Valentin Nikolaevich Voloshinov (Валенти́н Никола́евич Воло́шинов) (1895–June 13, 1936) was a Soviet/Russian linguist, whose work has been influential in the field of literary theory and Marxist theory of ideology.
Written in the late 1920s in the USSR, Voloshinov's Marxism and the Philosophy of Language (tr.: Marksizm i Filosofiya Yazyka) attempts to incorporate the field of linguistics into Marxism. The book's main inspiration does not, however, come from previous Marxists, whom Voloshinov saw as largely indifferent towards the study of language. Instead, Voloshinov's theories are built on critical engagement with Wilhelm von Humboldt's concept of language as a continuous creative or 'generative' process, and with the view of language as a sign-system posited by Ferdinand de Saussure.To some extent, Voloshinov's linguistic thought was also mediated by the analyses of his Soviet contemporary Nikolai Marr, and by the work of the Crocean linguist Karl Vossler.
For Voloshinov, language is the medium of ideology, and cannot be separated from ideology. Ideology, however, is not to be understood in the classical Marxist sense as an illusory mental phenomenon which arises as a reflex of a "real" material economic substructure. Language, as a socially constructed sign-system, is what allows consciousness to arise, and is in itself a material reality. Because of this belief that language is the defining human characteristic, Voloshinov held that the study of verbal interaction was key to understanding social psychology. Voloshinov further argued for understanding psychological mechanisms within a framework of ideological function in his book Freudianism: A Marxist critique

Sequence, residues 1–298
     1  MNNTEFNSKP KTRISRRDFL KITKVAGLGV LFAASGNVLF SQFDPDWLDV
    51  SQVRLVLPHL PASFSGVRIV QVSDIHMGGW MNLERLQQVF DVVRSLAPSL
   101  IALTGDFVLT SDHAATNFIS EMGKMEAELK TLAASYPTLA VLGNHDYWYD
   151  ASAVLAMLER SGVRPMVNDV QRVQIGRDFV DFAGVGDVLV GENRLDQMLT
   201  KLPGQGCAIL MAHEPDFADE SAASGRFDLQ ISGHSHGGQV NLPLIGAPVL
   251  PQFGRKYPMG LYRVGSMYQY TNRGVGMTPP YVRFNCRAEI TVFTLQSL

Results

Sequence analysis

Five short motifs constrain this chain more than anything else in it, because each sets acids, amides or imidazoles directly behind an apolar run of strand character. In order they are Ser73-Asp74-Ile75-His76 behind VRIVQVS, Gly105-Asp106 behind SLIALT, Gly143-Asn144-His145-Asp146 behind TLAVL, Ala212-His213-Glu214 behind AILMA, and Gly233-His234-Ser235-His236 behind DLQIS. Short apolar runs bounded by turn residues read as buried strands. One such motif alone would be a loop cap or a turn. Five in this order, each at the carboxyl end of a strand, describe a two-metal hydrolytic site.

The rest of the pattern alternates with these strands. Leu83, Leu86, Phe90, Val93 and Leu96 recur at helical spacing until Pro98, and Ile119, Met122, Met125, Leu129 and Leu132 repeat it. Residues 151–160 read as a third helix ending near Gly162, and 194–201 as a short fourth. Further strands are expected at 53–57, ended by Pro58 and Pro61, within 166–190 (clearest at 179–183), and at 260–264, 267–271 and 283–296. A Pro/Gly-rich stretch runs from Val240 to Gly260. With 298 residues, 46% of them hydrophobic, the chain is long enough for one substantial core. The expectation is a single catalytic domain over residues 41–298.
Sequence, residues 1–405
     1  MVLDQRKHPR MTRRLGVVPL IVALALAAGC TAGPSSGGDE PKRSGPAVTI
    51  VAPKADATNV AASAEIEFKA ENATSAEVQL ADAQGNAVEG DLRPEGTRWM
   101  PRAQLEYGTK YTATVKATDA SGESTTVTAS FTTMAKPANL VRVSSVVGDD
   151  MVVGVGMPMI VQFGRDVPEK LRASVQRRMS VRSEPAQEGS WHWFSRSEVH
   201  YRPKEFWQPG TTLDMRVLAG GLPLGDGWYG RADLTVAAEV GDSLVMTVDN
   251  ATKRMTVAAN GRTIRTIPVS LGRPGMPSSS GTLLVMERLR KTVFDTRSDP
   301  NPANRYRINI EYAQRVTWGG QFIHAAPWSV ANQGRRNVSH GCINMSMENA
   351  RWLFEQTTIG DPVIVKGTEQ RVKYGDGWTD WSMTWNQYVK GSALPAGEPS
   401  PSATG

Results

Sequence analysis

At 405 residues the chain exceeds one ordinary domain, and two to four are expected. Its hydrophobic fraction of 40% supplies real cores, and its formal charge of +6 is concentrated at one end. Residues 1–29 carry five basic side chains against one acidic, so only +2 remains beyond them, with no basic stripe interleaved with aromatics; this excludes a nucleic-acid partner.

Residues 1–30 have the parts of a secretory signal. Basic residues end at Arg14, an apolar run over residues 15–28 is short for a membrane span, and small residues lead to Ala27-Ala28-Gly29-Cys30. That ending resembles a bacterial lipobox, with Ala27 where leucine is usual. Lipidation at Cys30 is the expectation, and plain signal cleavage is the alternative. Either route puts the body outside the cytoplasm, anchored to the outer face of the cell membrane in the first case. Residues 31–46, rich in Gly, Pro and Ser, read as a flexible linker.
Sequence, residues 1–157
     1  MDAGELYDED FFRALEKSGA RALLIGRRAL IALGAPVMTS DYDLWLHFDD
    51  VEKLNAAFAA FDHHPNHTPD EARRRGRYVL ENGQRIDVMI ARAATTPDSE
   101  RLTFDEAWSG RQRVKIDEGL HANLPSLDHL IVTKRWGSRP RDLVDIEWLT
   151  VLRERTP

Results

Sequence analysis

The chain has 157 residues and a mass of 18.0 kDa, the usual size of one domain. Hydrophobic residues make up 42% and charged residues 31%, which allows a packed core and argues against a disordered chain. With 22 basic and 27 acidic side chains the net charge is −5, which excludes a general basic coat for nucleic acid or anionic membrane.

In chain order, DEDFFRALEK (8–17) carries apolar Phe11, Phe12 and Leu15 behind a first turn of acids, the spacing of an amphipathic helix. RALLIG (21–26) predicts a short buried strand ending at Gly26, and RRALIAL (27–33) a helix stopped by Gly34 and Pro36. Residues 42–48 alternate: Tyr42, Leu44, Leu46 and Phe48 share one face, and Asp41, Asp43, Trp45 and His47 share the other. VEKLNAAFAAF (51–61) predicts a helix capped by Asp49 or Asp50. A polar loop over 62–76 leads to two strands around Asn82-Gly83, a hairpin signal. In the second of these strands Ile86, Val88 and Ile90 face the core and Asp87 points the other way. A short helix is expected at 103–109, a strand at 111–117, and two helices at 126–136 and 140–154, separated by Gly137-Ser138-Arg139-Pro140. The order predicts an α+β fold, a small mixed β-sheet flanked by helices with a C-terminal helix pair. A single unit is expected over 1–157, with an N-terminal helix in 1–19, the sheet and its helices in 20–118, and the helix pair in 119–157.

It was a mistake, argued Voloshinov, to attempt to study language abstractly and synchronically (i.e. in an unhistorical manner), as Saussure had done. Words, for Voloshinov, are dynamic social signs, which take different meanings for different social classes in different historical contexts. The meaning of words is not subject to passive understanding, but includes the active participation of both the speaker (or writer) and hearer (or reader). While every word is a sign taken from an inventory of available signs, the manipulation of the word contained in each speech act or individual utterance is regulated by social relations. In Voloshinov's view, the meaning of verbal signs is the arena of continuous class struggle: a ruling class will try to narrow the meaning of social signs, making them "uni-accentual", but the clash of various class-interests in times of social unrest will make clear the "multi-accentuality" of words.
By virtue of his belief that the 'struggle for meaning' coincides with class struggle, Voloshinov's theories are precursors to those of Italian Communist Antonio Gramsci, who shared an interest in linguistics. Voloshinov's work can also be seen to prefigure many of the concerns of poststructuralism.
It has been widely conjectured that works bearing Voloshinov's name were actually authored by his colleague Mikhail Bakhtin; some of these works have been added to reprinted editions of Bakhtin's collected works.